Generally, when dealing with someone who has a musculoskeletal injury or problem one needs consider the following factors:

• Is the injury acute or chronic?

• Is the injury irritable or non-irritable?

Irritable conditions are easily stirred up and must be treated very carefully or else they can become very sore after exercise or after a treatment.

Non-irritable conditions, on the other hand can be treated or exercised quite firmly. While they may have a sense of discomfort while exercising or while being treated, the discomfort settles down quickly after the treatment.

Treating Acute Injuries with Hatha Yoga:

An acute problem usually shows the cardinal signs of inflammation, and is often quite recent.

The 5 cardinal signs of inflammation usually seen in acute conditions are:

• Redness

• Pain

• Heat

• Swelling and sometimes

• Loss of function

Acute conditions are usually treated in medical circles with the R.I.C.E. principle (Rest, Ice, Compression and Elevation).

If a musculoskeletal problem is acute in nature, it is usually best to rest the injured part, or if necessary, rest the entire body.

Hatha yoga can be still be practised in this situation if the problem area can be suitably bypassed and allowed to rest. Postures need to be suitably modified and a greater emphasis made towards a gentle more relaxed practice that does not generate too much excess heat.

Acute injuries Table 1


Treating Chronic Injuries with Hatha Yoga [Table 2]

Chronic injuries are usually long-standing injuries where the inflammation has subsided.

• Chronic musculoskeletal injuries or conditions may be cautiously approached with the following general methodology, when there are no signs of inflammation.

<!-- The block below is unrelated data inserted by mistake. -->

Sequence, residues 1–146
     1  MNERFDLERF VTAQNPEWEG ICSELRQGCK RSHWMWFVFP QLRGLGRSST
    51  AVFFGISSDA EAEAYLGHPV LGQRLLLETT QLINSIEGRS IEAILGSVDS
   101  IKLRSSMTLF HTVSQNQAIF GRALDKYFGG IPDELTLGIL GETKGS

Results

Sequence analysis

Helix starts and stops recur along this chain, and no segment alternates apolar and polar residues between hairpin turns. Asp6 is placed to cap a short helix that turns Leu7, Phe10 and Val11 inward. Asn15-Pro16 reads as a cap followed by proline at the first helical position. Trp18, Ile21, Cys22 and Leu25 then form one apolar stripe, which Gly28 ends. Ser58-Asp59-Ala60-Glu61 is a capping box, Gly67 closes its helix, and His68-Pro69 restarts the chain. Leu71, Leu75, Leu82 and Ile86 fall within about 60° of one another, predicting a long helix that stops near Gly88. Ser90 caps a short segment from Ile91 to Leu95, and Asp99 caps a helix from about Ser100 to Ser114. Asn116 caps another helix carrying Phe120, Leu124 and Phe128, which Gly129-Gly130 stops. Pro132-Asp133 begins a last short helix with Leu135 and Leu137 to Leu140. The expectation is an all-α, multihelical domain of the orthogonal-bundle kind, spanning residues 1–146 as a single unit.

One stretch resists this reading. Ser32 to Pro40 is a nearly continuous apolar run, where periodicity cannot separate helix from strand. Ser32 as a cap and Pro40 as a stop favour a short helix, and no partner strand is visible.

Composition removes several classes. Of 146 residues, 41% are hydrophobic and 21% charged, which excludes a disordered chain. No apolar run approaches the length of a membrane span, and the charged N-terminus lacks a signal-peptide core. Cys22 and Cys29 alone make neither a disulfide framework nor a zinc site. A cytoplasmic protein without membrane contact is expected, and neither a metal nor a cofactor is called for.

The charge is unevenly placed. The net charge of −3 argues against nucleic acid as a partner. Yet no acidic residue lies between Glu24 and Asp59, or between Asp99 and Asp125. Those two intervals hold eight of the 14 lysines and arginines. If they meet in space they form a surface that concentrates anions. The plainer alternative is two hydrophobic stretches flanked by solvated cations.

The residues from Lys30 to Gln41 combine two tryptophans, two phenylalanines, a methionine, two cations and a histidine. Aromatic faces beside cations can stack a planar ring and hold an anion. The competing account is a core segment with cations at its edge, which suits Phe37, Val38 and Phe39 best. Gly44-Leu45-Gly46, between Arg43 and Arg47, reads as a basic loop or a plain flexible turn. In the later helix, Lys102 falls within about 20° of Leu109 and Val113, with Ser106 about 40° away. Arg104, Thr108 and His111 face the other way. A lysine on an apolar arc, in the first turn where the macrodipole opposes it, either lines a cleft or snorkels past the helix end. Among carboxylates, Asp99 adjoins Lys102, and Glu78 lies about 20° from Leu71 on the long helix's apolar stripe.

• When there are no contraindications, one can use hatha yoga postures and exercises, breathing exercises, and relaxation to give general and specific improvements in circulation, strength, flexibility, and musculoskeletal alignment.


To improve circulation use:

• Breathing techniques (Pranayama) to utilise the respiratory pump of circulation.

• Dynamic exercises (Vinyasa), activating and relaxing muscles during movement to utilise the musculoskeletal pump of circulation and varying the speed of movements to utilise the centripetal pump of circulation.

• Inverted and semi inverted postures (Viparita Karani) to utilise the Gravitational pump of circulation

• Static postures (Asanas), creating regions of relative high pressure (compression and/or isometric muscle activation) and relative low pressure (stretching and/or muscle relaxation) to utilise the postural pump of circulation.

• Co-activation of opposing muscles around joints (Bandhas) to utilise the muscle co-activation pump of circulation.


To improve strength develop:

• Muscle control: develop the ability to fully relax or turn off a muscle and then smoothly activate or turn on a muscle to its maximum level of muscle activation in any of its states.

• Muscle balance: develop muscle symmetry and learn how to co-activate muscles for increased joint stability

• Symmetry: restore and/or develop balance between:

– Left side and right side of the body

– Agonist and antagonist muscle groups

– Anterior and posterior, medial and lateral, and superior and inferior musculature.

– Muscle co-activation: develop the ability to co-activate (simultaneously tense) agonist and antagonist muscle groups for increased joint stability (bandhas).


• Muscle specificity: To develop functional task specificity:

– Use isometric, isotonic and isokinetic exercises

– Use varied velocities of joint movement

– Move joints through their full range of motion (ROM)

– Use weight-bearing (WB) exercises and non-weight-bearing (NWB) exercises

– Use open-chain (OC) exercises and closed-chain (CC) exercises


To improve flexibility Develop:

• Joint mobility: ie develop ease of joint movement not just the ability to stretch further.

• Symmetry of flexibility: both inter-joint, ie between right and left sides of the body; and intra-joint (i.e. superior and inferior, medial and lateral, and anterior and posterior).


To improve musculoskeletal alignment:

Work towards restoring and or developing normal:

• Joint structure

• Joint space

• Joint symmetry: both inter-joint, ie between right and left sides of the body; and intra-joint (ie superior and inferior, medial and lateral, and anterior and posterior).


Chronic injuries Table 2

Chronic injuries Table 2